Sumerian literature: ETCSL: The Electronic Text Corpus of Sumerian Literature The Electronic Text Corpus of Sumerian LiteratureCatalogues: by date | by number | in full | Website info: navigation help | site description | display conventions | recent changesProject info: consolidated bibliography | about the project | credits and copyright | links Now, I swear by the sun god Utu on this very day -- and my younger brothers shall be witness of it in foreign lands where the sons of Sumer are not known, where people do not have the use of paved roads, where they have no access to the written word -- that I, the firstborn son, am a fashioner of words, a composer of songs, a composer of words, and that they will recite my songs as heavenly writings, and that they will bow down before my words...... King Shulgi (c. 2100 BC) on the future of Sumerian literature. The Electronic Text Corpus of Sumerian Literature is based at the University of Oxford.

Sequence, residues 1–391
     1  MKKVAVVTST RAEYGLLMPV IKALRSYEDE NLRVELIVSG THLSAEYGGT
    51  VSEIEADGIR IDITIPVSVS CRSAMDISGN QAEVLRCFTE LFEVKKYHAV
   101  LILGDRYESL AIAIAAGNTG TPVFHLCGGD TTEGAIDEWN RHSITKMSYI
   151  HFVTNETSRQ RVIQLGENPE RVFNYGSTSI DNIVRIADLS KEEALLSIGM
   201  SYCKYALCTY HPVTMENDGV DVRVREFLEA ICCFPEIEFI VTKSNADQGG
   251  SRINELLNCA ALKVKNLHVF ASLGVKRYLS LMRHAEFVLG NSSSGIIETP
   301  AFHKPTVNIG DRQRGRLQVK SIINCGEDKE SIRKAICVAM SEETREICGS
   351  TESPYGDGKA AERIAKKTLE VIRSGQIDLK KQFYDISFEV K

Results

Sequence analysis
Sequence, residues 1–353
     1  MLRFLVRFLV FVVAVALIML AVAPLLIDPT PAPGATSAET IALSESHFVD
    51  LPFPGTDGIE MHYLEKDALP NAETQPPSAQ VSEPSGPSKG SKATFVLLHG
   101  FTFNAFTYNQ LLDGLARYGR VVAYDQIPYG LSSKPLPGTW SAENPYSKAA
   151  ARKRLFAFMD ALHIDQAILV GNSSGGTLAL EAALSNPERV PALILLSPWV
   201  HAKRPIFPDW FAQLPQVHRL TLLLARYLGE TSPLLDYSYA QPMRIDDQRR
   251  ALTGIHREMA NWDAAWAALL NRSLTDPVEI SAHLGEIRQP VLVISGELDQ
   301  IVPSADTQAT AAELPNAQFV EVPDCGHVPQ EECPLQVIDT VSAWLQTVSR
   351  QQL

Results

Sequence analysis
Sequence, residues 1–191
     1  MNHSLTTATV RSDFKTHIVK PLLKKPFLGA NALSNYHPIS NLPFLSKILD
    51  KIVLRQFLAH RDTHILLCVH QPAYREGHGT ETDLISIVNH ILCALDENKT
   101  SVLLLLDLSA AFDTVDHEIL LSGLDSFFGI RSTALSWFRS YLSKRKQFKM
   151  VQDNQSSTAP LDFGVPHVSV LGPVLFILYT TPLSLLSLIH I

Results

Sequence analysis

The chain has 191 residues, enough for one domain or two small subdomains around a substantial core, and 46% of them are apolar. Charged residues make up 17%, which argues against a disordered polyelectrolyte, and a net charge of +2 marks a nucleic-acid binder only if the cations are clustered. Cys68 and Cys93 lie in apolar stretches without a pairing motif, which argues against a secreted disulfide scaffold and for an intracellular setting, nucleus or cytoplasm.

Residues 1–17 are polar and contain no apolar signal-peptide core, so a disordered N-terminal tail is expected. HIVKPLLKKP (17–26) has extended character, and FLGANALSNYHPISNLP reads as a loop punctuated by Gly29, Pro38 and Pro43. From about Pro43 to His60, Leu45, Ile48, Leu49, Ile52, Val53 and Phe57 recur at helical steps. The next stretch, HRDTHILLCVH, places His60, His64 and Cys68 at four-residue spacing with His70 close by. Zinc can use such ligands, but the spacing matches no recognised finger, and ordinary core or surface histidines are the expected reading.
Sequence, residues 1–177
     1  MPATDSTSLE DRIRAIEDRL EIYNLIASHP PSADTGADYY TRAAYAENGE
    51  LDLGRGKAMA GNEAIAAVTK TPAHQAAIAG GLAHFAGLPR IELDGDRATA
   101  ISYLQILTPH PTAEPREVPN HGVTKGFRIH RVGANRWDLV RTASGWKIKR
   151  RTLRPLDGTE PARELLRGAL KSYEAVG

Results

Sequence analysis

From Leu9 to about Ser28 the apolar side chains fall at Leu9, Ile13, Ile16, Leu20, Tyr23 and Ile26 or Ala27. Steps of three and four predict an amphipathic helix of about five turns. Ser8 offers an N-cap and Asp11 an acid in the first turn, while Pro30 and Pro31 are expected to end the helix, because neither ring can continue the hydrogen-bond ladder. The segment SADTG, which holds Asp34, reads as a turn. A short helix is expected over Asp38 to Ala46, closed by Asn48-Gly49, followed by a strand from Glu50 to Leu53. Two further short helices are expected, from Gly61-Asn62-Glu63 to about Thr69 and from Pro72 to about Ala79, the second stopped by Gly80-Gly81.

The Chaldaick Oracles of Zoroaster (Stanley, 1661) This digital edition by Joseph H. Peterson, Copyright © 1999. All rights reserved. Note: www.egyptologyforum.org/THOE/Heritage.html The Heritage of Egypt was launched in 2008 and is the first publication relating to the history, archaeology, and legacy of Egypt that is edited, produced, and owned in Egypt; this gives the publication a unique perspective on the complex histories of ancient and modern Egypt. The Heritage of Egypt is published three times a year, in January, May, and September. The magazine reaches thousands of readers through direct sales in Egypt and the provision of copies to archaeological societies in the United Kingdom. For acquiring individual paper copies of the magazine and for a Table of Contents of each issue, please see the website of the publisher, Al-Hadara Publishing. If you would like to get a subscription, here's a subscription form (in PDF).